Last month I had the great pleasure to speak at the 2014 ISACA Nordic Conference, where I shared my passion for security culture and how to build it.
In my view, security culture is, simply, about building and maintaining measures to help your employees feel safe and free from danger.
But let’s back up a bit to get a clearer picture. It helps to understand the origins of this culture. In this sense, culture is the collected security information in a society that is passed from one generation to the next. It can consist of norms, knowledge, tools, etc.
Naturally, this culture can be modified and transformed to suit each organization. Norms—the regulations, policies and other rules (written or not) that regulate how people in your organization function, from when and how they drink coffee to how they interact with their passwords—are malleable. They work best when they are adjusted for each enterprise and each situation.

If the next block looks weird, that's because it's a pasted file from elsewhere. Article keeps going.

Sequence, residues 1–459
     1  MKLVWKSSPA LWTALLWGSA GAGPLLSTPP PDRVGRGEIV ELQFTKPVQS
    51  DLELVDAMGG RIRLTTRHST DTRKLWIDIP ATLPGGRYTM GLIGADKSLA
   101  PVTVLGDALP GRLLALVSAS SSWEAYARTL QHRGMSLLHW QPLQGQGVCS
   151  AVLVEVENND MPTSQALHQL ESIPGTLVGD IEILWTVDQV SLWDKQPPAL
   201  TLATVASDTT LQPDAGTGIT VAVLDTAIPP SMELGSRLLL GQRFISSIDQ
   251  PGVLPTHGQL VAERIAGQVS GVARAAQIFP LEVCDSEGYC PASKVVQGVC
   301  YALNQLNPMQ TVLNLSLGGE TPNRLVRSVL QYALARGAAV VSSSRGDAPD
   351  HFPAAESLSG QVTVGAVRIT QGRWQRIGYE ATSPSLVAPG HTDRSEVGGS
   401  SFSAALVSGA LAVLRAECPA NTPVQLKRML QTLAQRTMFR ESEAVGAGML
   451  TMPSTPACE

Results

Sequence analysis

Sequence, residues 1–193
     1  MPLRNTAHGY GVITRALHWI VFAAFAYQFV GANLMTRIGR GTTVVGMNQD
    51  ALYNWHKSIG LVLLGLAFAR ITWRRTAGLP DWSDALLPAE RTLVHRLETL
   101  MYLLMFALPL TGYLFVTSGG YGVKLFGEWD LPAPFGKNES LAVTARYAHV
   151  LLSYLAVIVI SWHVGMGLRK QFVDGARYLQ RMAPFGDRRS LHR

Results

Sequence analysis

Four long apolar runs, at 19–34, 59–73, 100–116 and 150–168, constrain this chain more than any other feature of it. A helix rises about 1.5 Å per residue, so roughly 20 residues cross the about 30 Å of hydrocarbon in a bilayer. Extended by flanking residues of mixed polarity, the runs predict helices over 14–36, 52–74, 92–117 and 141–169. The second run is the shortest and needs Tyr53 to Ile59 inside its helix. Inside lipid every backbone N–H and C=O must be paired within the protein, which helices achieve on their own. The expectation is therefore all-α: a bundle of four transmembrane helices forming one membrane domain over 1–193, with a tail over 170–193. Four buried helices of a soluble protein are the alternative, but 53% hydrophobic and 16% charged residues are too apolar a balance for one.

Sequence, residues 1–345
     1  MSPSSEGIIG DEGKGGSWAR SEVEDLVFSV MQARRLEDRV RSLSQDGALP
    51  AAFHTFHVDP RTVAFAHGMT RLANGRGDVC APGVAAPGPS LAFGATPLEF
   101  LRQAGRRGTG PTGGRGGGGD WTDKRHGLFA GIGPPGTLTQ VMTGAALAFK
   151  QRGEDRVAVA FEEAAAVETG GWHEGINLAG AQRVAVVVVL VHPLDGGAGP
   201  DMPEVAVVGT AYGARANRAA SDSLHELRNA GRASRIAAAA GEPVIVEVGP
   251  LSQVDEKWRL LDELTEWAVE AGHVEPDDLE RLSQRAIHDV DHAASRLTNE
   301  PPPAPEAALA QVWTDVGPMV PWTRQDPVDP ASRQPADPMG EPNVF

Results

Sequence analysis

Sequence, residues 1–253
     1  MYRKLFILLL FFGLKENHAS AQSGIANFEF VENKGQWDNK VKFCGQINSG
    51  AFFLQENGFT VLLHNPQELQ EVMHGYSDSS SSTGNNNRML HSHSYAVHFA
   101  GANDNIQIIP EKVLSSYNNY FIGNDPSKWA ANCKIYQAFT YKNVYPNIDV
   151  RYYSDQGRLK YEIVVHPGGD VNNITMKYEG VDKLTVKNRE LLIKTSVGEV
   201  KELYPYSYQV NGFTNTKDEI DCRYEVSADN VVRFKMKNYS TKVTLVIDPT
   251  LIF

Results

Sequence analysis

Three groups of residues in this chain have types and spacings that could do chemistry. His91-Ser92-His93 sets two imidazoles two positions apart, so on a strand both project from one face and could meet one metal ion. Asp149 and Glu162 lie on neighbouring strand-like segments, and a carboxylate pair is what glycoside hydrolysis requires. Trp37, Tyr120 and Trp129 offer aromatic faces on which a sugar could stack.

Tools used with computers, information systems and software are most commonly considered “technology.” Much like their ancestors, such as the hammer, technology tools make it easier to reach a goal, such hammering a nail or ensuring proper security within a system.
Knowledge is the third piece of the puzzle, binding technology and norms together. Knowledge guides people in interacting with technology in the right manner. Knowledge enables people to understand why norms force them to do things according to the rules.
Culture is a critical part of society. It helps define a people. This holds true within the narrower scope of security culture. By taking what you have already—technology and norms—and adding knowledge to your organization, you are moving in the right direction. You are moving to a security culture.